The V12 Group (Red Bank) hosted a hackathon for participants of the Rutgers Coding Bootcamp in early April, and by all accounts it was a successful event for all parties. The Rutgers Bootcamp students were able to work on a real problem with their newfound skills, and V12 Group got a close-up look at some potential employees.
V12 Group is a data company that warehouses over 5 billion consumer, business, automotive and online records. It sells that data to other firms, “enabling them to achieve marketing success through the use of high-quality data.” Customers also use the data to build their client bases.
The V12 Group Data Cloud is constructed of hundreds of compiled and proprietary data sources, and built from the individual on up. The company considers itself to be a thought leader in the industry, using some of the latest technologies out there in order to build and grow its data.
NJTechWeekly.com spoke to Tara Thurber Snyder, director of recruiting at V12 Group, and David Larcara, senior software engineer there, about how the idea for the hackathon came about and what the day was like.
Thurber Snyder said that she had been approached by Rutgers to speak to their coding bootcamp classes about how to get a job after they graduated from the program. “The course is a 24-week course, and they have student services that really help support them towards the end of the course, and help them with their resume writing and interviewing skills.” She talked to the groups at the end of last September, and enjoyed the experience.
“I had heard of companies doing hackathons, and I talked to the tech team to see if there were any ideas we wanted to push around.” V12 Group wanted to give the new grads a chance to compete. “We wanted to get them into our office and give them an idea of what working with a tech company was like,” said Thurber Snyder. Essentially, V12 Group wanted to be able to see how the coders worked in a small-team environment.
The V12 Group is growing rapidly, she added. “I came in in 2014 to spearhead the growth of this company. And within the year of 2015, I hired more than 50 people. Some 90 percent of those people were for our engineering department, and we have really expanded.” She noted that the company has between 100 and 120 employees in New Jersey.
Two groups of seven coders, Team Barracuda and Team Red Lobster, came to V12 Group on April 8, 2016, to compete in the hackathon. Lacara described the problem the coders were to solve. “We wanted to give them something that was slightly academic in nature, but also a real-world problem. They only had six to seven hours to work on it, basically one work day. We wanted something that was open-ended enough that they could be creative and come up with a solution, but also something they could tackle” during the time available.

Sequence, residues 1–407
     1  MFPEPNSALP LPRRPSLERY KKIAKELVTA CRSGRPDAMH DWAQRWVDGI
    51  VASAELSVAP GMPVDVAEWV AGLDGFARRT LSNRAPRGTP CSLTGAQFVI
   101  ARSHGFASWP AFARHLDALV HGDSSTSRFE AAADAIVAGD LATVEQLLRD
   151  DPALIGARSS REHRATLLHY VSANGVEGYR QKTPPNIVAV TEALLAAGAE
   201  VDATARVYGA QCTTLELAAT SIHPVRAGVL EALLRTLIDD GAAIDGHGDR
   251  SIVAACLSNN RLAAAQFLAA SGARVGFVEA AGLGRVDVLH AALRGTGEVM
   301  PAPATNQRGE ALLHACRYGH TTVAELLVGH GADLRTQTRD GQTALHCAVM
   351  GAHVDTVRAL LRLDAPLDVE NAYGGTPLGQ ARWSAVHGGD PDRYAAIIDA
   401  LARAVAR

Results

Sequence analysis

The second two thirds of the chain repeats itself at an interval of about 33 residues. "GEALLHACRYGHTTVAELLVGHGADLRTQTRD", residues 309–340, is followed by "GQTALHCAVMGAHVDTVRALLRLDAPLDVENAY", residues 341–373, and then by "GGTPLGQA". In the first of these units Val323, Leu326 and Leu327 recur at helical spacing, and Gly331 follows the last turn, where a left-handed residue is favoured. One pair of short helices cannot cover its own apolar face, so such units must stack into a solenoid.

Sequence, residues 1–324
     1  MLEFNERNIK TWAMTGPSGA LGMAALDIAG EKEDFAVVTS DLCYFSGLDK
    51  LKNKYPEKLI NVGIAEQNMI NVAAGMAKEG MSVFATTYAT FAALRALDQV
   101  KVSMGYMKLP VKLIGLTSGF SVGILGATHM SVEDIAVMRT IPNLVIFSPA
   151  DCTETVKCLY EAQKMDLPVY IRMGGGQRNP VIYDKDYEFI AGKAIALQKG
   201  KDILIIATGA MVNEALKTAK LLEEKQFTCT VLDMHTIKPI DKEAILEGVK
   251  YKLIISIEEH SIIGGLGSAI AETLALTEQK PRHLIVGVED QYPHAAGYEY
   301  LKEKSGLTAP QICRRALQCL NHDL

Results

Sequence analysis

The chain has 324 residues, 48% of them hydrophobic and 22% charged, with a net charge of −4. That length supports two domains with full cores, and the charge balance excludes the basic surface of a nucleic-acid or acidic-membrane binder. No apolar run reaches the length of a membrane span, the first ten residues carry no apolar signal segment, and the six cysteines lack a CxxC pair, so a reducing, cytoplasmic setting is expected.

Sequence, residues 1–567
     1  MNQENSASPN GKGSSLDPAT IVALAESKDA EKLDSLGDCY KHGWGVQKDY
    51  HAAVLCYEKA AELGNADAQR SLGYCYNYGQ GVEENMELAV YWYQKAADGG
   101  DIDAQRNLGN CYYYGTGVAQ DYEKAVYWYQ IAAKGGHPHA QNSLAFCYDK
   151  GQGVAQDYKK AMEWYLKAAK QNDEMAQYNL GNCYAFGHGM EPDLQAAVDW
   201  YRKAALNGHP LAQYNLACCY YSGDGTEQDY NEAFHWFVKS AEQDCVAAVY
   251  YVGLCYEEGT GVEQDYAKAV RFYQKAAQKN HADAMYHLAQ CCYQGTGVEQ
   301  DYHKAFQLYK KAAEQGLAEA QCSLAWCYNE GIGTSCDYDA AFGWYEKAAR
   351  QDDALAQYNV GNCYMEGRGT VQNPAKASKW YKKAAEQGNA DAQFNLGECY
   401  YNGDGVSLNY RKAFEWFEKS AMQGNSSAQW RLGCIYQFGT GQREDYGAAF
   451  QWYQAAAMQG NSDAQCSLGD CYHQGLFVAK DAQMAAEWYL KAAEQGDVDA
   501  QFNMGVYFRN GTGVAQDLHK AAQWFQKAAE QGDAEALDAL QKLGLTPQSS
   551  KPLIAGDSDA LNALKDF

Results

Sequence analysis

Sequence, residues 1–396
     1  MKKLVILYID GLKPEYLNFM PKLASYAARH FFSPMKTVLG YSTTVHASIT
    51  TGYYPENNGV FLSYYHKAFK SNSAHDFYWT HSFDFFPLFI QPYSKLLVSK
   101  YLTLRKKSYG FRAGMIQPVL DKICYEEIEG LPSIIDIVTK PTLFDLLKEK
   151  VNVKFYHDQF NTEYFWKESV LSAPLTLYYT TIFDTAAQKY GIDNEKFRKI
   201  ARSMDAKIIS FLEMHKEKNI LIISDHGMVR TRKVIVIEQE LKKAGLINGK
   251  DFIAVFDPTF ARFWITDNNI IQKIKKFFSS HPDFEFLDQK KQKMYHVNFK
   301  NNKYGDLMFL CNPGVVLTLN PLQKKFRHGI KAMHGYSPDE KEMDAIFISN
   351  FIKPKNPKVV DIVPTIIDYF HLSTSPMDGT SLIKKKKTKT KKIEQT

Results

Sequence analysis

V12 Group asked the coders to build a tool that would allow new and existing businesses to analyze the demographics of a geographical region to best parlay their next business decision. They realized that this was pretty open-ended, but the V12 Group team spoke with the Rutgers Bootcamp participants about cutting the problem down to size and working on smaller pieces.
“This was part of the exercise that we wanted them to get: how to tackle a problem in a smaller chunk first and not get dragged down by how big it is. Every problem you get in the real world is alive, and you are going to have to figure out what to tackle first,” said Lacara.
Students were given a data set to use that included some information about counties in Pennsylvania and New Jersey, along with 20 or so attributes of the people living in those counties.
Lacara noted that both teams did a great job. They both wanted to be there and were enthusiastic about building something. And they both had “a great experience, considering the short nature of the program.” He noted that V12 Group had mentors in the room all day, and that when he was in the room with the coders, they were willing to reach out and ask questions, an admirable trait.
At the end of the day, the Red Lobsters won the hackathon. Both team projects were evaluated based on technical difficulty, complexity, strength of code, applicability to the theme, feature richness and presentation of data. The judges included technical and nontechnical members of the V12 Group staff, Thurber Snyder said.
Lacara was one of the judges, and he said that the two teams were roughly equal in their coding abilities and approaches. The teams did differ in their presentations, however. The presentations were judged on how well the groups were able to convey their ideas and explain things, like how well their project would have turned out if they had had more time to work on it, and how well the proposed solution would actually solve the problem.
“First and foremost, this was a coding challenge, but other things were just as important. You actually had to explain where you were going. Did you solve the problem right? Did you understand the problem or just code something cool?”
Thurber Snyder told us that, after the hackathon, members of the V12 Group staff performed mock interviews with members of the teams, a very popular part of the event for both the staff and the students.
“We found a handful that were interested in doing either temp-to-perm or internships with us,” she said. “That’s our philosophy,” Lacara added. “Hire good people and we will find a place for them.”